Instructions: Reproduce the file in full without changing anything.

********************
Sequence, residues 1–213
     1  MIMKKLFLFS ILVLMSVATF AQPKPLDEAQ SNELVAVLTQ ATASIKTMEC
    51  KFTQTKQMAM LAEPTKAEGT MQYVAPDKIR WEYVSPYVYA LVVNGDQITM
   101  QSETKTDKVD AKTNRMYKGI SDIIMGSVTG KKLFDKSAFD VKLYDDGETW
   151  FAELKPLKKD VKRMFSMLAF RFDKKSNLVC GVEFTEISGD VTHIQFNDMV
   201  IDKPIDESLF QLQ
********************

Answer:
Sequence, residues 1–213
     1  MIMKKLFLFS ILVLMSVATF AQPKPLDEAQ SNELVAVLTQ ATASIKTMEC
    51  KFTQTKQMAM LAEPTKAEGT MQYVAPDKIR WEYVSPYVYA LVVNGDQITM
   101  QSETKTDKVD AKTNRMYKGI SDIIMGSVTG KKLFDKSAFD VKLYDDGETW
   151  FAELKPLKKD VKRMFSMLAF RFDKKSNLVC GVEFTEISGD VTHIQFNDMV
   201  IDKPIDESLF QLQ